If you can get something cheap or for free, and it’s fairly fine and organic, then give it a try! We’ve heard of people using spent coffee grounds obtained for free from high street coffee shops (the only issue with coffee grounds is that they can be too damp when fresh, so need a bit of drying out), but if you like coffee, your toilet will smell great!
Other people have tried dried leaves either exclusively or mixed in with other materials. Another person has mentioned that ‘shredded hemp stalk’ sold as horse bedding in equine supply shops “rots down quickly, is highly absorbent and reduces smells and is cheap in square bales”.
If you have an garden shredder, then shredded bush, tree and leaf prunings can be used and are probably the most effective cover material in terms of tackling odours because they’ll come ready-charged with bacteria so are a perfect bio filter. However, some people don’t like their appearance, looking a bit messy!
What about peat moss? Peat moss is a popular option in the USA and some Scandinavian countries, and works well as a cover, however, PLEASE DON’T USE IT – EVER! Peat moss is extracted from peat bogs – a wonderful habitat that’s equivalent to a rainforest, and they are in serious decline. According to Friends of the Earth, peat bogs are a rich haven for wildlife; improves water quality, helps reduce flood risk and acts as a massive carbon sink. Harvesting peat is usually done on an industrial scale and most peat sold in the UK is actually collected in Ireland.
The UK has now lost 94% of its lowland peatlands due to peat extraction and farming. If you have the slightest care for nature and the future of our Earth, just don’t use it (not even in garden compost!).
And the winner is….
If you haven’t already sussed it out, we recommend you start with either fine wood shavings (pet bedding) or compressed wood pellets both as a soak in the base of the solids bucket and as a cover material.
They’re both readily available, easy to store and very dry on purchase. But, as mentioned above, they’ll work even better is they are left outside to ‘age’ for a while.
Shredded garden clippings probably perform the best overall as a bio filter, but don’t look as ‘neat’ as the pellets or shavings – personally this doesn’t bother me, but it might bother you. Best of all, barring the electricity to run the shredder and a bit of your time, they’re free!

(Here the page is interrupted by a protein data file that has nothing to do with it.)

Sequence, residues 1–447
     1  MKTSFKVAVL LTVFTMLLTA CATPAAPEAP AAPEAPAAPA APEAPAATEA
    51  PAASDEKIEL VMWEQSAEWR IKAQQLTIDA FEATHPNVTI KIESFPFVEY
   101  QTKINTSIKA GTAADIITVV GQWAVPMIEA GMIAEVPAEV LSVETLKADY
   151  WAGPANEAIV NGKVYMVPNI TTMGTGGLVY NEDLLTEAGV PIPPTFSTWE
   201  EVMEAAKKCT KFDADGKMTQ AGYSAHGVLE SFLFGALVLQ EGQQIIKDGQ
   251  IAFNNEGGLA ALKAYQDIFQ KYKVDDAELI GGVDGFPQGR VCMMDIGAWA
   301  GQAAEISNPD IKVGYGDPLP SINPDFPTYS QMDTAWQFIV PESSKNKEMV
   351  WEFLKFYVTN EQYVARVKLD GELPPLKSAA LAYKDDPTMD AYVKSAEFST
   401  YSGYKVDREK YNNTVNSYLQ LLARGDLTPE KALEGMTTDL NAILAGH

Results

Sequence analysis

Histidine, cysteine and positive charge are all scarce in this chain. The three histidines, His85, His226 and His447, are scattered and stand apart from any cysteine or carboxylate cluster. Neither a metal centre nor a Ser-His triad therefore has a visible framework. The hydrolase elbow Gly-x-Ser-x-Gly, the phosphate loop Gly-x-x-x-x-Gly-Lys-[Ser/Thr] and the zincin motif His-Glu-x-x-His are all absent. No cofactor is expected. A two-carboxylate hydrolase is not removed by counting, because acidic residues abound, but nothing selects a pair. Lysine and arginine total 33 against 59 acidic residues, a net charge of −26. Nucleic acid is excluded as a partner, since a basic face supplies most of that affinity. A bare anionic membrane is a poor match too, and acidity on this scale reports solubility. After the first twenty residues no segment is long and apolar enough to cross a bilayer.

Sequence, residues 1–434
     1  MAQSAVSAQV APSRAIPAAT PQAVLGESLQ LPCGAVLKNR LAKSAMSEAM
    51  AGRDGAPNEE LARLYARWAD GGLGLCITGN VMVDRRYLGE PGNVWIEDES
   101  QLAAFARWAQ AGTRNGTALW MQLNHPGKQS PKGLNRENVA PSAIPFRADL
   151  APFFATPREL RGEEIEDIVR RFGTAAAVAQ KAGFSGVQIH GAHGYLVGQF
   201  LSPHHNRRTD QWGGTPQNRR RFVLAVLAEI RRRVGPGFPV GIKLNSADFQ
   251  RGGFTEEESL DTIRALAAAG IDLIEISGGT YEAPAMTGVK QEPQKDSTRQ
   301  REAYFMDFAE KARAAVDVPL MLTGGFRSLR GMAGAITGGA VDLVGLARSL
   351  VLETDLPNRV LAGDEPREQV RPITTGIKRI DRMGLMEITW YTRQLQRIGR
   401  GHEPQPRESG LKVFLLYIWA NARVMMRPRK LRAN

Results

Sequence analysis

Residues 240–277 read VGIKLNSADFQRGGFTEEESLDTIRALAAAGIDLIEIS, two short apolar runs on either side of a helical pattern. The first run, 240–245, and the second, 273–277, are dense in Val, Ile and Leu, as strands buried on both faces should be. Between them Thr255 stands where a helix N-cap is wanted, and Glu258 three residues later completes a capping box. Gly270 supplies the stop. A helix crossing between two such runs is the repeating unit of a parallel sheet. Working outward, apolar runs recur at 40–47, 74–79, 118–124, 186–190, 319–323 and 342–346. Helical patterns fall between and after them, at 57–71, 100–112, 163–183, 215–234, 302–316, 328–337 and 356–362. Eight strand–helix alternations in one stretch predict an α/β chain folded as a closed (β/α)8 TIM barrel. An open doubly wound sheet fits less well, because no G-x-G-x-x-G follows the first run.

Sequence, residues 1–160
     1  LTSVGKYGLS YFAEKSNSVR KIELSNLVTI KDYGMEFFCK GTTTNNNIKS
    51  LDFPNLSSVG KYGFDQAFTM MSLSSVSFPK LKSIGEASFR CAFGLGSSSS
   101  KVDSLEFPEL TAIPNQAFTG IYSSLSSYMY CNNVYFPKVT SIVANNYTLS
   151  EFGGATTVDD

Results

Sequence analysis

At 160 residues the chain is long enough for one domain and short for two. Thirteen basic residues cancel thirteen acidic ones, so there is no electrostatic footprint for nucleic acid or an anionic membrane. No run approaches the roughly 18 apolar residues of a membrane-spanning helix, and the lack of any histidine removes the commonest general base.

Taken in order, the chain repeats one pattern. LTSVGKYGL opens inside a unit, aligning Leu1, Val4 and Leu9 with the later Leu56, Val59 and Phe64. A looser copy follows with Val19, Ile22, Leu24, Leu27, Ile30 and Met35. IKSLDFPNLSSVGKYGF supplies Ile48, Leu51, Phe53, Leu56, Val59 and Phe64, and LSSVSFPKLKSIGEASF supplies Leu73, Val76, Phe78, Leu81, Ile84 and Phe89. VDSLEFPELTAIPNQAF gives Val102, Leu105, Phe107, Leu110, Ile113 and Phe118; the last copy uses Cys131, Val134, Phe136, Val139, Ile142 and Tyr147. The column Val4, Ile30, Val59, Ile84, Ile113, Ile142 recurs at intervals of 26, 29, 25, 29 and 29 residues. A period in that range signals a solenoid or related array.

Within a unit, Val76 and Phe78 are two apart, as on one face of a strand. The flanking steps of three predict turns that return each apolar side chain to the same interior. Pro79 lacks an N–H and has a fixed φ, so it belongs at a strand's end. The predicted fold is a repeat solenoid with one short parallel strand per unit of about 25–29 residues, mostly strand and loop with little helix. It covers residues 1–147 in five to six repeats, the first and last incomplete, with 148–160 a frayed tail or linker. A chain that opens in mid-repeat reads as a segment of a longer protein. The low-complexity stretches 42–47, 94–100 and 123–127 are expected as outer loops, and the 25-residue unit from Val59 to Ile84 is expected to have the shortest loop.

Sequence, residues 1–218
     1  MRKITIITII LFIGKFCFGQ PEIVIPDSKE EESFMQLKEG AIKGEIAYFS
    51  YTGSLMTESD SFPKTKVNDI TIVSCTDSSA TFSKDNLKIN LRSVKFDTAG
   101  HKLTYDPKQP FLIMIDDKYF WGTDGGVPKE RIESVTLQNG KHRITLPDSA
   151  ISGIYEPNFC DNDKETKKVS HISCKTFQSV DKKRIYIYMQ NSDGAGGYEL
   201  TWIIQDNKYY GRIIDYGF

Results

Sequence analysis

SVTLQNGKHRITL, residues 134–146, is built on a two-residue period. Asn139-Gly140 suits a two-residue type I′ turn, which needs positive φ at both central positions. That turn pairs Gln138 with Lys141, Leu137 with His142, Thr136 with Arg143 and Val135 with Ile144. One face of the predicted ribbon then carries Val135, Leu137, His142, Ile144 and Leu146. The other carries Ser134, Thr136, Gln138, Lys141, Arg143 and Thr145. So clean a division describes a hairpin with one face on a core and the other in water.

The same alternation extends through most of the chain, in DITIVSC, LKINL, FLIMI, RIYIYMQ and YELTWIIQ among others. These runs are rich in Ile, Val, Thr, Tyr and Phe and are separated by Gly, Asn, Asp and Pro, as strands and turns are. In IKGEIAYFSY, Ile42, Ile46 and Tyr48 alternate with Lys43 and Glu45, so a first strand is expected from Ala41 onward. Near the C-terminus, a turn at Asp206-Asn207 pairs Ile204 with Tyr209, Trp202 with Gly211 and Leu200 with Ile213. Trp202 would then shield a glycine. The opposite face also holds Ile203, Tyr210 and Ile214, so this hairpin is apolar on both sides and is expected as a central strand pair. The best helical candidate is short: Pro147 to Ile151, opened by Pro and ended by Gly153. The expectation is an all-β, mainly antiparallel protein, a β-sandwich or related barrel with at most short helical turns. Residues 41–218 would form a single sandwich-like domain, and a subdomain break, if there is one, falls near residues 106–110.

Of course, if your compost toilet manufacturer specifically recommends something else, then you should follow their recommendations until you are familiar with the product and whole emptying and composting process.
Another issue to consider with any compost toilet (whether you use a fan or not) is ventilation – the toilet box itself should be ventilated and the room must have some natural ventilation too, otherwise you’ll get a lot of condensation in the toilet and possibly the room too.
What not to use
Joseph Jenkins, acclaimed author of the ‘Humanure Handbook’ mentions some things never to use as a cover material: “You can’t use ashes, you can’t use sand, you can’t use lime, and you can’t use dirt (soil). It must be a plant cellulose material”. So there you have it – the compost toilet god has told you!
What about toilet paper?
The final issue is whether to put toilet paper in the loo (solids area) or not?
In a glamping/camping site or holiday let, the best option is to let people put loo paper in the solids bucket. Too many dos and don’ts will just confuse people, so keep it simple.
If it’s your own loo, you might want to consider having a separate bin for loo paper which can then be later composted, binned or burned.
Adding used toilet paper into the solids container will mean it fills up faster, but the flip side is simplicity. It’s up to you which you consider the best option.
What’s been your experience?
Why not let us know what you’ve been using and how well it’s worked for you? Tell us in the comment box below, and don’t forget to mention what make of compost toilet or separator you are using.